Samsung Mobile Media Streaming Device

Seagate announces the Samsung Wireless Mobile Streaming Device. Huh?

Seagate announced a new family of Wireless Plus hard drives on May 6. Today, it’s announcing the Samsung Wireless Mobile Media Streaming Device. What gives?

Before delving into the back story to explain why Seagate is announcing a Samsung-branded device, allow me to explain what the Samsung Wireless Mobile Streaming Device is. This a 1.5TB mechanical hard drive with a battery and an embedded 802.11b/g/n Wi-Fi chipset.

The drive can operate as a typical portable hard drive, with both a USB 3.0 port and a USB 2.0 port. You can use either one for file transfers, but the latter is also used to charge its battery or to charge the battery in another device, such as a smartphone, tablet, or digital media player. The drive will come with an AC adapter with multiple power tips to provide compatibility with worldwide markets.

The hard drive creates its own Wi-Fi hotspot, so you can stream music, movies, and photos to a wireless client. That device can be a PC, Mac, or any of the other classes of device I just mentioned, but Samsu— err—Seagate is specifically targeting the Android market with this drive. The drive will come with an Android app for playing music, movies, and slideshows. The Mobile Streaming Device can also connect with another wireless network and pass through Internet access to its own clients.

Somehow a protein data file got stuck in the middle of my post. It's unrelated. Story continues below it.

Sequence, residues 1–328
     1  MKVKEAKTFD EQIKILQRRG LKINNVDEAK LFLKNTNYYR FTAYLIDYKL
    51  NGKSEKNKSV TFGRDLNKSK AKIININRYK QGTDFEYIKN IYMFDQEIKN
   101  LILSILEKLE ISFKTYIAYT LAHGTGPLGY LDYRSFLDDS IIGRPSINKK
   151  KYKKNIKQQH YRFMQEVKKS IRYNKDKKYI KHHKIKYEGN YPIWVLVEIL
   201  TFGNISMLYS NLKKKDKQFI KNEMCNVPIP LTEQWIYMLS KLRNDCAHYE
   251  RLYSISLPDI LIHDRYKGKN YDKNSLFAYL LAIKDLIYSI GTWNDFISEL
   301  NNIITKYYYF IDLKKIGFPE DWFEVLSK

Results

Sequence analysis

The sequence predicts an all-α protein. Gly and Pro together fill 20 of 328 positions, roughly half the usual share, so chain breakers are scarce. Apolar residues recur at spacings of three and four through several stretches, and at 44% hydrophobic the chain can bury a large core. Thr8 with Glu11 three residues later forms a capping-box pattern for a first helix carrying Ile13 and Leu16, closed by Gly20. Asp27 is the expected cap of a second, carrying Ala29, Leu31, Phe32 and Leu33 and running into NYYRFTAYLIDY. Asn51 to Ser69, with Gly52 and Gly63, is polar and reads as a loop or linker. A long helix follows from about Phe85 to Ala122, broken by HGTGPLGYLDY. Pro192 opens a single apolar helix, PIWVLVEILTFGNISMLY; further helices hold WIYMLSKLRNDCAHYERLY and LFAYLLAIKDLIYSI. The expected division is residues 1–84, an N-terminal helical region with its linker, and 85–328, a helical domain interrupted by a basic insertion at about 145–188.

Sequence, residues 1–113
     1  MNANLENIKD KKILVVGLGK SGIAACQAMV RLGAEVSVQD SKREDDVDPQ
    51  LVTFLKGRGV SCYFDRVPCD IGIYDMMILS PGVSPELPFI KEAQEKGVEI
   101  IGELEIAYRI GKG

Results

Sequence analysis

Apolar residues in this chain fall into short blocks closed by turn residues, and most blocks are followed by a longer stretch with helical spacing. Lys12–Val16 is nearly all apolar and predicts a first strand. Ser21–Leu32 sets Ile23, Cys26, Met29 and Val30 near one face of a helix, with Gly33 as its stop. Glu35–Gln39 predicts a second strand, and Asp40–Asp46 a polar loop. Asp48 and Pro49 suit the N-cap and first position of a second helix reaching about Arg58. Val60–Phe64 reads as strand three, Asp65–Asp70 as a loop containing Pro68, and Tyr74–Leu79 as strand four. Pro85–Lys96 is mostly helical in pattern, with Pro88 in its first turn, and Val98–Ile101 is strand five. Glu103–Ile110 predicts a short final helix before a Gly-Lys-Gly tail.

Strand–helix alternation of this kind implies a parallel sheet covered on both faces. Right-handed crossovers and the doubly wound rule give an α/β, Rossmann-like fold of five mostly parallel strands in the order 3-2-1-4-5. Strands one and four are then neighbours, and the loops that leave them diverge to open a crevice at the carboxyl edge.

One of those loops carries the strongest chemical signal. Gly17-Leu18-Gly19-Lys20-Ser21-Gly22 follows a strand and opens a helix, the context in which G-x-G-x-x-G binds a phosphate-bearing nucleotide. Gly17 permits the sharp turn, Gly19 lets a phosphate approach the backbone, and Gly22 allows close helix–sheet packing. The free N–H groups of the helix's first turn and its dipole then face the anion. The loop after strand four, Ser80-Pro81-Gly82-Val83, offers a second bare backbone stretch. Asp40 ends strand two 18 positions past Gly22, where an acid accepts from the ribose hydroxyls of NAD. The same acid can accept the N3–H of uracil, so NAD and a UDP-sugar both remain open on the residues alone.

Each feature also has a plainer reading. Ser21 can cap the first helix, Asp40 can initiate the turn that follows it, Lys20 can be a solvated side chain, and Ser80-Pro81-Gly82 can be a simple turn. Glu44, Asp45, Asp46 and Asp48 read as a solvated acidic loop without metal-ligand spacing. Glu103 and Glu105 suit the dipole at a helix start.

The Samsung Wireless Mobile Media Streaming Device will be available later this month for $179 (at Newegg.com first, and then in wider distribution). This drive sounds a lot like Seagate’s own Wireless Plus, which we reviewed in April 2013, right? Sams—err—Seagate assured us that a separate design and engineering team at Samsung (as in Seagate’s Samsung operation in Korea, not Samsung’s Samsung operation in Korea) developed the product from the ground up.

And now for the backstory that explains why all that was necessary: Seagate acquired Samsung’s mechanical hard drive operations in 2011, but China’s Ministry of Commerce objected to the deal. In order to close the transaction, the regulator stipulated that Seagate must continue independent operations of Samsung’s brand, but that Seagate could apply to have this condition reconsidered in one year.

Two and a half years later, China’s Ministry of Commerce still has not removed its conditions.

Seagate's Samsung hard drive division will be shipping us a drive sometime soon. Stay tuned for our hands-on review. 

Subscribe to the Power Tips Newsletter

Comments